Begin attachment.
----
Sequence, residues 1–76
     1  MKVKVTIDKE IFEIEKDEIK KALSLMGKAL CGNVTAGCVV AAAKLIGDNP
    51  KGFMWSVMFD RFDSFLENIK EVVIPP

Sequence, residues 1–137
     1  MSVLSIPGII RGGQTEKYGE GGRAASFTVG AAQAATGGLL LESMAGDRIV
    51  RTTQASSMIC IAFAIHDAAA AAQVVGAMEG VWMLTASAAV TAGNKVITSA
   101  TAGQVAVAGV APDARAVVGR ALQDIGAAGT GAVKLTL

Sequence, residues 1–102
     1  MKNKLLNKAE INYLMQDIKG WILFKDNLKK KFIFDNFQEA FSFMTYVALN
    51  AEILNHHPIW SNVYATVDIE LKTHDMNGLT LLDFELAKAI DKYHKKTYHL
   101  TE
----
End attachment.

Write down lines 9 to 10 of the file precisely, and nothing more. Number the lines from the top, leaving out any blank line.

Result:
     1  MKNKLLNKAE INYLMQDIKG WILFKDNLKK KFIFDNFQEA FSFMTYVALN
    51  AEILNHHPIW SNVYATVDIE LKTHDMNGLT LLDFELAKAI DKYHKKTYHL